I appreciated this article. I needed this article. I need more articles like it, and while people may pull back for a time, it is only for a time. The news exists to expose the things that should not sit well with those who read it. As a Communications major it is refreshing to read actual journalism.

Thank you for your article. Thank you for your courage, and thank you for being authentic.

If you fire the writer responsible for this piece of art, for that is what good journalism is, then you have in essence said that your gay brothers and sisters are an embarrassment and not worthy to be on the front page of your paper. If this happens you have forgotten what it means to be a newspaper and are but only a paper, decorated with ink and devoid of depth, integrity or intelligence.


Keith Trottier

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14 Responses to “A Letter to the Editor”
  1. Keith, I grew up in Parker, 15 miles away from you — less than 400 people and yes, 95+% Mormon. The Rexburg Standard Journal is the closest newspaper.

    I was deeply closeted growing up, but I watched several friends be taunted and teased for being gay, for years. We were the lucky ones. We had enough support from friends, a good teacher or two and in some cases our families. I don’t know for sure if any of them ever attempted suicide, but we all made it out alive. Most of us have moved far away. The sense of isolation, and of having nowhere in your community’s culture where you can feel understood, makes it really hard to get by there, especially as a young person.

    Writing this LTE to the Standard Journal must have been really tough. I admire you for taking a public stand in a paper where perspectives like yours are so few and far between. It’s tough in a small town — but it’s also really important. Thanks for being a leader, and stay strong.

  2. Doug Collins says:

    Keith, this article is not only well written, but you said a lot that needs to be said. I admire your courage, especially given the sometimes toxic environment here, to be so open, and bold. I have had some pretty close calls here too, and I agree that it is not ok. It is up to us to change the culture, to bring church back to the basics, and to emphasis our relationship with Christ. Thank you for your bravery and your spirit, you have helped a lot of people already, and I’m sure you will impact many more.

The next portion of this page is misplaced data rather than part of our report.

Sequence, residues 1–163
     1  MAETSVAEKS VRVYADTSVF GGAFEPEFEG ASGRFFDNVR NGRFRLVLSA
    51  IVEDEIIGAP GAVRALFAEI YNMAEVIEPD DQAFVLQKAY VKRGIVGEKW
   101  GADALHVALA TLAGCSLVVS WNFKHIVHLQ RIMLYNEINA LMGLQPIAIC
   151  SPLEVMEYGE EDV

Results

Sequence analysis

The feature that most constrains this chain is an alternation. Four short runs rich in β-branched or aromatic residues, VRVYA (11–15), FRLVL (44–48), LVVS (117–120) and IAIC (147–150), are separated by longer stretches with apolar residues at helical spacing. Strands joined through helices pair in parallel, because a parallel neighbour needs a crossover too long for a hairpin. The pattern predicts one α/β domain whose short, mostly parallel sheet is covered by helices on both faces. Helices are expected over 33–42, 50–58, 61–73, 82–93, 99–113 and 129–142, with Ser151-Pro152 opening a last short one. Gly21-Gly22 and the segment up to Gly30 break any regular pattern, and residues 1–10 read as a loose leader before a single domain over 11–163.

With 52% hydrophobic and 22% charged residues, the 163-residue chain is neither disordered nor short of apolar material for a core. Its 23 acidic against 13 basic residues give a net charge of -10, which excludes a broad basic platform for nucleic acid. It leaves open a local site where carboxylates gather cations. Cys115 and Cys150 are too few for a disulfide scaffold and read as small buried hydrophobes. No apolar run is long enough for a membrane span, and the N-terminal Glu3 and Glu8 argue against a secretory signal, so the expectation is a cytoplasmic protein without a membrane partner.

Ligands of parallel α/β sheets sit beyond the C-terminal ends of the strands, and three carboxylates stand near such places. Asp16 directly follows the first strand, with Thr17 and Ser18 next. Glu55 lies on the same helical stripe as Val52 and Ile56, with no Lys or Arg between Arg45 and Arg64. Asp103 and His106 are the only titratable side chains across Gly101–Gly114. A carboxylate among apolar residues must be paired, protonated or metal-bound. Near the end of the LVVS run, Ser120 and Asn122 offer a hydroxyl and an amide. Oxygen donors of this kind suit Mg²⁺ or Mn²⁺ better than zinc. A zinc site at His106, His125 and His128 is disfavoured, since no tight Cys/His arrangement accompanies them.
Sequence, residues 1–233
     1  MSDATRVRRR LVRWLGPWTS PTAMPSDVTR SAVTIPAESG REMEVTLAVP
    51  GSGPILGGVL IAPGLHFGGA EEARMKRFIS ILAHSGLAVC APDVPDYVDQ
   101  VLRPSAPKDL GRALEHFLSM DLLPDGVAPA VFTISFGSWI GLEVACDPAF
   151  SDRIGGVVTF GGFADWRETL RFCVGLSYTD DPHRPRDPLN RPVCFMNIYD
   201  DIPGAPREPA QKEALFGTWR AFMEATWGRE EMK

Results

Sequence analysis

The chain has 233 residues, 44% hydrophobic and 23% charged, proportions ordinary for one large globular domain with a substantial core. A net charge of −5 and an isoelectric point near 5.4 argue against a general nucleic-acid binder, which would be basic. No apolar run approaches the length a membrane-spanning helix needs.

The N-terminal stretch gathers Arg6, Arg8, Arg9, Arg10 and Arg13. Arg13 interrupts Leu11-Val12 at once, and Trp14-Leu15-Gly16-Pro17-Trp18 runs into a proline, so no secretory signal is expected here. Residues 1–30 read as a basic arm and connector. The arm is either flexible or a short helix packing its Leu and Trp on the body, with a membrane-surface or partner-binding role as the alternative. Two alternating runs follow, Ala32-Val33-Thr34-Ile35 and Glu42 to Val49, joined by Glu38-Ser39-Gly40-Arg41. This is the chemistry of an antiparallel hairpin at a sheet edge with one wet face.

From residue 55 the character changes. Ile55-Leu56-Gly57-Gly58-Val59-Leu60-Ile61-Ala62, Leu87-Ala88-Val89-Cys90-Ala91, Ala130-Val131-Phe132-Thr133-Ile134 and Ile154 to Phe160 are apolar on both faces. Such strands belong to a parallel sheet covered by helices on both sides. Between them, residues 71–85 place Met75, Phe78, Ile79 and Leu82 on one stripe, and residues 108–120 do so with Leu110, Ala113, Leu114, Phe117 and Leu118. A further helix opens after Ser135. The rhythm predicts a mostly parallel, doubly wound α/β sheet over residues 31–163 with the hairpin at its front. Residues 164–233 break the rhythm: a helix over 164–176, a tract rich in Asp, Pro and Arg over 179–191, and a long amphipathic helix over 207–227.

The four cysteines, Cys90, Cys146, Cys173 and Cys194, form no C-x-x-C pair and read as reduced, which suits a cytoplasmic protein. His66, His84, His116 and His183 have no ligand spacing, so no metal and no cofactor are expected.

3. Tyler Jones says:

    I grew up down the road, in Rigby! It was very hard growing up gay and not quite understanding the solitude it leaves one emotionally, especially in SE Idaho. Thank you for this beautifully written letter!

  4. Keith, thank you for your powerful words. Jesus loves you, God loves you, and so do millions of Americans and global citizens – gay, straight, trans, and straight; Christian, atheist, and other beliefs. Please keep telling your story, and prayers for your safety, strength, and happiness!

  5. Ben says:

    All church’s not just the Church of Jesus Christ of Latter-Day Saints needs to remember the story from the Bible of David and Jonathon. Yet David was very pleasing to the lord. He was the apple of the lords eye. He was promised that he would not remain in hell., and that was for murder.

  6. Sarah Bell says:

    Sad that Christians forget who they represent. And people taking their lives is not taken lightly by God-especially as a result of bullying. You understand more than anyone, what love is – when the world is saying the opposite. Fear is of the devil. So is the anger and ignorance that is thrown at you. Heavenly Father loves you. Especially because you are HEALING so many others rather than harming. I hope that means something to you 🙂 because it does to me. And most especially- it does to Christ. After all- that’s what he did!

  7. Rexburg is my hometown, and I am thankful to you for making it a better place. I’m sorry for those governed by ignorance or fear, and hope you will encounter more people with love and support.

  8. Erin Rasmussen says:

    Thank you for posting this beautiful and heart-breaking letter. It is these acts of bravery that make change happen.

  9. Wendy Montgomery says:

    Love you so very much, Keith! This is wonderful. Thank you for being brave. Thank you for being true to who you are. It gives others the courage they need to do the same, and be authentic. You’re a beautiful human being, and my friend.

  10. Sherry says:

    Keith, I don’t know you but I admire your courage to stand up and tell the world who you are. I also admire your mom for loving you no matter what. I’m a mom too and I’ve listened to sobbing adult children many times and my love for them has never waned. Bless you as you go forward speaking your truth, bless you dear brother.

  11. Bad Wolf says:

    Thank you for your courage and authenticity.

  12. Neznem says:

    Keith, this is beautifully written. I know a little bit of what you’re going through, being gay and attending BYU-Idaho was enough to make me drop out and leave the church behind to find my own happiness. (I talk a little bit about it on my blog here on wordpress also.) I can’t even imagine growing up there.

    All of my love to you and all the others that are struggling to find love, acceptance and their happiness. You are doing such an important thing. Know that there are thousands of people who love you and have made it through where you all are now. Keep your head up, life is amazing.

  13. Mark Wade says:

    Oh my heart. Thank you for sharing your experience. I hope one day the LDS church will accept and love its LGBT membership enough to want them to live happy, fulfilling lives and have families of their own in their congregations and communities. No one really understands what the experience is like to feel forced to be alone quite like the LGBT Mormon.